Big, bueno, beautiful

Buenos Aires Travel Blog

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Recoleta Cemetery

Buenos Aires is a city with a lot to offer, as any backpacker you meet will tell you. Ever since Argentina`s economy collapsed in 2000, it`s been a cheap, accessible place to visit with great food, shopping and nightlife. So I was looking forward to this city of wonders (especially for the steak), and I wasn`t disappointed.

The hostel: We stayed at Milhouse, another Hostelling International that had been recommended to me by several people. It`s the biggest hostel I`ve stayed in in South America, for sure, which is on one hand, good for meeting people, but on the other hand, kind of bad for meeting people - I would have hated to be by myself. It also needs more communal space, as the eating/bar area tended to get crammed every night. But the rooms were clean, half-decent beds and bathrooms and big cage-like lockers in every room to put your gear in.

Eva Peron's grave
The hostel is also right next door to a porn cinema and the lovely sounds of the films waft up through the bathroom windows at all hours of the day (I bet the guys loved it). The best thing about the hostel was the information they provided: every day they would write up what`s on in town on a little whiteboard in the foyer, and the staff were all very helpful about catching buses, opening hours for shops and markets, and restaurant recommendations. They even did walking tours of certain districts in Buenos Aires, and organised tickets to clubs which included a transfer to the club and a queue-jump (and sometimes a free drink). These last two things tended to have a bit of a school-excursion feel about them, but hey, when you`ve jumped a queue of about 30 Argentinians to get into the club, you can`t complain (I didn`t go on a walking tour).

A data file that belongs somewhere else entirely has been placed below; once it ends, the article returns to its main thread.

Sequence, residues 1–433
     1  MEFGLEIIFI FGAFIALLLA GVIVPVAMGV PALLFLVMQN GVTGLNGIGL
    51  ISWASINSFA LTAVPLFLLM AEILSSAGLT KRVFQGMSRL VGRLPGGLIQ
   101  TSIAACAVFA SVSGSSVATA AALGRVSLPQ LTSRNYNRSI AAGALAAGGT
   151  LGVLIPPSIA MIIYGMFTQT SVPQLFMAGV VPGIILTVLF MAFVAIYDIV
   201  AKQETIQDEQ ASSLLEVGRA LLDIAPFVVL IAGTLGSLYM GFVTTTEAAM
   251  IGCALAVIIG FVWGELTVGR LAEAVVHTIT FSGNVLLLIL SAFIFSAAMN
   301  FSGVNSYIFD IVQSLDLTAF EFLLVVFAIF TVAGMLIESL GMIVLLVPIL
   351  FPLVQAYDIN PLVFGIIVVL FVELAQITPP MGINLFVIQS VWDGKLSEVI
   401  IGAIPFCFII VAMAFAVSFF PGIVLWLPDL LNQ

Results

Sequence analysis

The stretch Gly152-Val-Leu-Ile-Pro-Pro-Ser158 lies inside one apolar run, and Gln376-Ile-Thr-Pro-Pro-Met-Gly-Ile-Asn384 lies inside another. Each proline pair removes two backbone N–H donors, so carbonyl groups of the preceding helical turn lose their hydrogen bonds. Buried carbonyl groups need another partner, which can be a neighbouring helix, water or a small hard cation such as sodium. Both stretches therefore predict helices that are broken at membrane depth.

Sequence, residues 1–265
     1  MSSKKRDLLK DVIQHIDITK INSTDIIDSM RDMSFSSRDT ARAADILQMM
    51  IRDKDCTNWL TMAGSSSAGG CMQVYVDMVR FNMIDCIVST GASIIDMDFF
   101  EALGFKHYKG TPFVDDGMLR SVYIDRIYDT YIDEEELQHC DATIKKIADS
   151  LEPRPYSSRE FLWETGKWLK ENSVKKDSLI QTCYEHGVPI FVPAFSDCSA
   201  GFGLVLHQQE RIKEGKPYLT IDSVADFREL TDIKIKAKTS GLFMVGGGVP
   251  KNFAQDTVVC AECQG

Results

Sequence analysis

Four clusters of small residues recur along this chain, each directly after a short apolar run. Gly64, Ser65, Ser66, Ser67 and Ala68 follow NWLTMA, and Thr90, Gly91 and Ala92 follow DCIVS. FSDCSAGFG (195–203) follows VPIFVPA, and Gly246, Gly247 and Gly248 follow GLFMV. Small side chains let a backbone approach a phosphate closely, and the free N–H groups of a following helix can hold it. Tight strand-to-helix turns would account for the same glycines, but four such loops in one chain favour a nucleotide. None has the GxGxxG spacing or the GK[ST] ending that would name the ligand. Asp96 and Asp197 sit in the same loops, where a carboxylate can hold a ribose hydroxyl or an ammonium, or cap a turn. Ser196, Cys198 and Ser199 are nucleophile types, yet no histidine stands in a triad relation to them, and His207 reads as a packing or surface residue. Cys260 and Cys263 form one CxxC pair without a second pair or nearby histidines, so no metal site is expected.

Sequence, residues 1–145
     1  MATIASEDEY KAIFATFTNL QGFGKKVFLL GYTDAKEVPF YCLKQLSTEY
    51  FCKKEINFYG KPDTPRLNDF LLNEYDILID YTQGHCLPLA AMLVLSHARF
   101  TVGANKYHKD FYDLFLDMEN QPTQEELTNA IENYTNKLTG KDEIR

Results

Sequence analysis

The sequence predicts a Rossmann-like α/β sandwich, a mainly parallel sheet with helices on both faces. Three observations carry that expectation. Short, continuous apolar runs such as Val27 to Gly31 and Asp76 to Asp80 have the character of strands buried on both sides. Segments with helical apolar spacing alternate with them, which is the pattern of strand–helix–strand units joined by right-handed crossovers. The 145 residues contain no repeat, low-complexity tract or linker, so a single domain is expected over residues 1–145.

Street in Recoleta Cemetery

Nightlife: Buenos Aires has some huuuge clubs, at least compared to Sydney - I`m talking about 4 big rooms, one with a water feature in it. On our first Saturday night there, we went to Opera Bay which had a choice of hip-hop, house, darker electronic stuff and cheesy 80s synth rooms. The club became packed after around 2am. It was a fun night out but I would have liked to have spent more time in rooms other than the hip-hop one, except that the one time we ventured into another room, and Argentinian boy tried to molest Tash so we got out of there quick smart.

On a Tuesday night, I headed out to a drum and bass gig with a bunch of English and Irish people from the hostel (Tash isn`t into drum and bass). We paid through the hostel, and our tickets included two free drinks but we had to make our own way there. The music was great, actually, and it was a much smaller club of just one main room and a small bar off to the side. Unfortunately, these two nights were the only nights I went out - but I didn`t mind so much; it`s a different experience when you`re not with your own friends.